Author Archives: Naquan26

About Naquan26

Welcome readers and bloggers to Justices For All, my name is Naquan and I would like to tell you a little bit about myself. I'm currently a college undergraduate attending New York City College of Technology for Law and Paralegal Studies. I plan on getting a bachelors and master degree from my current college and one day owning my own business. In my spear time I like to study chess read novels and meditate. The reason I decided to start a blog is to raise awareness for prisoners who can't speak out about the injustice taking place within the New York State Prisons. Martian Luther King Jr. once said "injustices anywhere is a threat to justices everywhere." I would like to use my knowledge of the law and discuss current topics going on with the prions systems today. Feel free to leave me a message or email me at


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This photo was captured in Squibb Park Northwest of New York City College of Technology on Middagh St. between Columbia Heights & Furman St. In recognition of Dr. Edward Robinson Squibb this park was built to honor his achievements in the pharmaceuticals industry. Its magnificent views of Lower Manhattan, the Hudson River, and bungee cord bridge attracts tourists and locals alike. There is a peaceful harmony about Squibb Park that sets my mind at ease, particularly the garden and the serenity  of the trees.


This photo was captured inside the African Burial Ground Museum located at 290 Broadway, New York, it depicts a women and child attending the funereal service of a decedent. The museum uses sculptures to  illustrate how a burial would look back in the 18th-century. Visiting this museum was a tremendous experience which provided a lot of insight about my history.


In 1991 the United States General Service Administration (GSA) purchased a plot of land with the intentions for construction of a 34-story office building located in Lower Manhattan adjacent to the Ted Weiss Federal Building. Historical maps indicated this site may have been an 18th-century African Burial ground. Prior to GSA making this purchase archaeologist conducted an excavation of the land which led to the finding of roughly 400 African men, women, and children skeletal remains. After making this discovery an investigation concluded this was an actual grave site for free and enslaved Africans during the 17th and 18th centuries.  For more information on this story click the link below the picture.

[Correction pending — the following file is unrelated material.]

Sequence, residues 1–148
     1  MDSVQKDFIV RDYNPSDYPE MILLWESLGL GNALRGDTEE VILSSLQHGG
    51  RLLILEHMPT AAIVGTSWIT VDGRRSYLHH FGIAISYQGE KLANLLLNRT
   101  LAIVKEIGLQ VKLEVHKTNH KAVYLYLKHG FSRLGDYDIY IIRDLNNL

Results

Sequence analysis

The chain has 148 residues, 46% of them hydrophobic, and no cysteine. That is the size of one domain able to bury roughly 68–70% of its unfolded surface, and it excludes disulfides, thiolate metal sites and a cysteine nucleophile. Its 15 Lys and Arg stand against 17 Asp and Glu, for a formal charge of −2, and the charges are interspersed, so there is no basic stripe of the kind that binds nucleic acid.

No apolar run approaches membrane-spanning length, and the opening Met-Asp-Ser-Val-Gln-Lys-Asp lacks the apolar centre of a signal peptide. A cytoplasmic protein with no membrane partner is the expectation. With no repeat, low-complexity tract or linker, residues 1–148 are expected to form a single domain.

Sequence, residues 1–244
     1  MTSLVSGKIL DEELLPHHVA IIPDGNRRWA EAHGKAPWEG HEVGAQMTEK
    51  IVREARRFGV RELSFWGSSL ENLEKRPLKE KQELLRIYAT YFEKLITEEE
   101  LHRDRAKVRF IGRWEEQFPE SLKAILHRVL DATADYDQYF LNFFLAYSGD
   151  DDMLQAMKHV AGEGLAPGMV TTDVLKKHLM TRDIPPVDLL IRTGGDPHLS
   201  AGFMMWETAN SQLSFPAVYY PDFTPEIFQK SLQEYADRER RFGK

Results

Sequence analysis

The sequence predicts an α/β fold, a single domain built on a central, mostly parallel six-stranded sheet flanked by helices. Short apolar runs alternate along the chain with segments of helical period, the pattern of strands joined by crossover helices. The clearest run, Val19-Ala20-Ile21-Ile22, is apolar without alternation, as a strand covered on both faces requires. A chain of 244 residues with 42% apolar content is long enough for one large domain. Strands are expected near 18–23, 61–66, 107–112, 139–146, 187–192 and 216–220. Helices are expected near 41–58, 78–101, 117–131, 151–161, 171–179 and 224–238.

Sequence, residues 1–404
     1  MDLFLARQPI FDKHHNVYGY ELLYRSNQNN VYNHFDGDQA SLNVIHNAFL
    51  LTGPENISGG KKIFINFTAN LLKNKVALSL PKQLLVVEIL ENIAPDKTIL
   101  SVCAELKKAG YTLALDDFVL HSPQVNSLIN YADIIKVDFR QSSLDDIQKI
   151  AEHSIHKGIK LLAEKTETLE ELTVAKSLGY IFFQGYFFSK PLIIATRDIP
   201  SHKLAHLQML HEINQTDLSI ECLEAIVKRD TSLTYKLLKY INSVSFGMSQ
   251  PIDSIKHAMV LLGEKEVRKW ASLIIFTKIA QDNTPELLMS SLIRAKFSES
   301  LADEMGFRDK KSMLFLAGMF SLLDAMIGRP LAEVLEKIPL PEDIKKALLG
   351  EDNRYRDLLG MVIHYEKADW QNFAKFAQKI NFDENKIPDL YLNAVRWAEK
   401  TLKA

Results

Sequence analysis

According to the Rhode Island Freemasonry website ( “Thomas Oxnard – Provincial Grand Master of New England and Grand Master of Massachusetts – granted the petition for the constitution of St. John’s Lodge of Newport, December 27, 1749, the first in the Colony of Rhode Island and Providence Plantations.” Eight years later the soon to be state of Rhode Island got its fist Grand Lodge. Freemasons have a long history in Rhode Island including burial plots inside North Burial Ground cemetery. This photo was taking at North Burial Ground cemetery located in downtown Providence, Rhode Island. Phineas Potter Jr. was a member of the Rhode Island Freemasonry futurity born on June 21, 1821 and passed away March 18, 1876.

Wall of Hope

This photo was taking in Providence, Rhode Island

This photo was taking in Providence, Rhode Island

While taking a tour around downtown Providence I ran across a tunnel with pictures on the wall. At the center of this tunnel, there was a glass ceiling that allowed the sunlight to shine inside and illuminate the pictures on the wall. Children at a nearby elementary school  painted these pictures, so that people who lost a love one in the tragic moments of 9-11 have a place to visit. The name of this place is called the “Wall of Hope.”

This photo was taking in Providence, Rhode Island

This photo was taking in Providence, Rhode Island

Rhode Island Korean Veterans Statue

This photo was taking in Providence, RI.

This photo was taking in Providence, RI.

For my birthday I took a trip to Providence, Rhode Island, to visit Brown University and tour the city. While I was touring the city this Statue captured my attention because it seem like a patriotic  symbol. After taking this photo and doing some research, I found out this monument was built to commemorate 39,000 Rhode Island citizens for taking part in the Korean War. I’ve provided a link for the website that has more information about this Statue and some interesting facts about the Korean War( According to the website “The Korean war is known as the Forgotten War” and “PFC. John B Colman Jr. – US Marine Corps was the last Rhode Islander who died in action.” Feel free to click on the link above and checkout more information about this statue and the Korean War.